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April Hurlock

Effect of Self-Oxidation on Deposited Cigarette Smoke Composition and Third-Hand Smoke

April Hurlock ’23

Faculty Mentor(s):
Douglas Collins, Chemistry
Funding Source:
Alfred P. Sloan Foundation; Physical Sciences Scholars; STEM Scholars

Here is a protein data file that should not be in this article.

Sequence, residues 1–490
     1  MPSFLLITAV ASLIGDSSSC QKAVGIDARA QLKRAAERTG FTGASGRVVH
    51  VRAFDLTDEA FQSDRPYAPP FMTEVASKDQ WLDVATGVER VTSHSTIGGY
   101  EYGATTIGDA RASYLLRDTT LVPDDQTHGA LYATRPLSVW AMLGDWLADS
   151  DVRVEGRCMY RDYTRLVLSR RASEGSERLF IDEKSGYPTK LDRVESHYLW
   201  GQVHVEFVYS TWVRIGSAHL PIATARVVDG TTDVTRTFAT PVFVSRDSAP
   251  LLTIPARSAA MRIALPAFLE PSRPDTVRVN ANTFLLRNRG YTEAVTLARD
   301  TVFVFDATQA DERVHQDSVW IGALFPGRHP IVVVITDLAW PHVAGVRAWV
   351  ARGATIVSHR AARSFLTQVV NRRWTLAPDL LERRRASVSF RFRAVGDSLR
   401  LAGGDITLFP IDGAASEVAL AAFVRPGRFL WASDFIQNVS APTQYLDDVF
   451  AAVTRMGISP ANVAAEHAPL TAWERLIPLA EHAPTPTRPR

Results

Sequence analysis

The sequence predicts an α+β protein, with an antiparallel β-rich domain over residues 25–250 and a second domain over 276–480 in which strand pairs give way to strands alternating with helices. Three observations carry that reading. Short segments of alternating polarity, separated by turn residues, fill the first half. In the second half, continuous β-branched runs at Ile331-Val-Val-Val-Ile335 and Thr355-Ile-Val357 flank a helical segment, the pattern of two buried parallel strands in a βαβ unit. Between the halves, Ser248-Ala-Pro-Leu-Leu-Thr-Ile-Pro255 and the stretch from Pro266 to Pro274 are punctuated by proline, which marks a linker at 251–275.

While the implications of first-hand and second-hand tobacco smoke have been thoroughly studied, much less is known about the effects of so-called ‘third-hand smoke’ (THS) on the environment and human health. THS is a collection of chemicals from cigarette smoke that adhere to indoor surfaces (e.g., walls, flooring, furniture, clothing) and extend the exposure risks for bystanders. As THS chemicals stay on surfaces for long periods of time, we hypothesize that reactions between chemicals within the deposited THS film, with previously deposited materials, and with the surface itself may be occurring. In this study, the mechanisms and rates of the former two categories of reactions were probed. Cigarette smoke was collected on glass surfaces and incubated under fluorescent lighting for various periods of time, revealing changes in the chemical composition. The rates of chemical removal and product formation were determined. Notably, experimental data has indicated a decrease in nicotine concentrations and an increase in nicotine oxide concentrations over time, signifying that nicotine was removed by oxidation reactions occurring within THS films. Further experiments were conducted in which cigarette smoke was collected on glass surfaces that were pre-coated with chemical scavengers to help identify oxidant species that affect the composition of THS films. Future studies will look to include a variety of deposited films, different reactive substrate materials, and other environmental factors in order to obtain a better understanding about what goes on after the cigarette goes out.

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